Measuring International Competitiveness
On 9 April 1976, the then Chancellor of the Exchequer, Denis Healey, authorised the Treasury to issue a statement declaring that there was ‘no economic justification’ for the sharp fall in the value of sterling in the previous days, which had taken the rate down from $2.02 in February to around $1.82. It was almost without precedent for the Treasury to make such a statement; but once the government had been committed to the view that the fall in the exchange rate was excessive, they had little option but to agree that the reserves should be used to prevent it falling any further. What evidence was available at the time about the competitiveness of the British economy?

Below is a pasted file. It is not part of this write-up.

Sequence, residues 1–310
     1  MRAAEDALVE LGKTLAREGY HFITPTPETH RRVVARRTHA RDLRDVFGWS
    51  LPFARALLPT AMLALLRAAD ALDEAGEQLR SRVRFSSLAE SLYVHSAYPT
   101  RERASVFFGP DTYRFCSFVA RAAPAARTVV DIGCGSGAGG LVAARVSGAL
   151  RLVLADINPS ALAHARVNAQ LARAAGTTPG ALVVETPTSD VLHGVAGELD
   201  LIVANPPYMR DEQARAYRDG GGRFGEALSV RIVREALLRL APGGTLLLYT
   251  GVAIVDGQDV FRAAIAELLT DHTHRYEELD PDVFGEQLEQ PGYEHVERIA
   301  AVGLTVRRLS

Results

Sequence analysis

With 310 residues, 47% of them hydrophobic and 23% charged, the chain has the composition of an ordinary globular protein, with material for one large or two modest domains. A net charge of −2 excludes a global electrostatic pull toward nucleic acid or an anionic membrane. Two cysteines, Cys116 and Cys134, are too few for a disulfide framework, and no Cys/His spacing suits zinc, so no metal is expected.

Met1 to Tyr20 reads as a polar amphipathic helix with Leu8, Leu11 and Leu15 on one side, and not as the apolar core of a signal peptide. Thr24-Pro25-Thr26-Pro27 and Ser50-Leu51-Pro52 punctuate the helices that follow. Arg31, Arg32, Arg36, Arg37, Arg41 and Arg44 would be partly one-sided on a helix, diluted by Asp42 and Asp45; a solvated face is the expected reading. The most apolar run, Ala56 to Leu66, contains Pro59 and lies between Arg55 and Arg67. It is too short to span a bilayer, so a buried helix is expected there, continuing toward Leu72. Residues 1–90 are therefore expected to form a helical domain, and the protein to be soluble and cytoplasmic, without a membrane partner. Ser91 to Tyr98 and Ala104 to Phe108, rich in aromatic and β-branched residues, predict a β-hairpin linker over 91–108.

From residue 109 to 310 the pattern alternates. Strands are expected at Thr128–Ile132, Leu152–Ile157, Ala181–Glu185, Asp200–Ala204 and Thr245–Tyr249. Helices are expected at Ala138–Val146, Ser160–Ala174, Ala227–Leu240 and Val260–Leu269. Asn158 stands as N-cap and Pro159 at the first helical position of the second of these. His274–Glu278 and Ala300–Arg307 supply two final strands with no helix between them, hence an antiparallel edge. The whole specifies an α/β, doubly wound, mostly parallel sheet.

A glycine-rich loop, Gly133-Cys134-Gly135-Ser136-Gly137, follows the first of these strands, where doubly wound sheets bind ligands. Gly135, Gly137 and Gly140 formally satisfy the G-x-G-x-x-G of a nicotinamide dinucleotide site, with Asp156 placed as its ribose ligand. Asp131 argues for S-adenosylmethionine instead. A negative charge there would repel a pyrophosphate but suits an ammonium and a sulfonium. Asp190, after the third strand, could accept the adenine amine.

KeywordsExchange Rate World Trade Real Exchange Rate Import Price International Competitiveness
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Notes and References
- 5.R. W. Green, ‘Commonwealth Preference: UK Customs Duties and Tariff Preferences on Imports from the Preference Area’, Board of Trade Journal Resolution: Global (31 December 1965).Google Scholar
- 6.R. A. Allen and R. N. Brown, ‘The Terms of Trade’, Bank of England Quarterly Bulletin Resolution: Global (September 1978).Google Scholar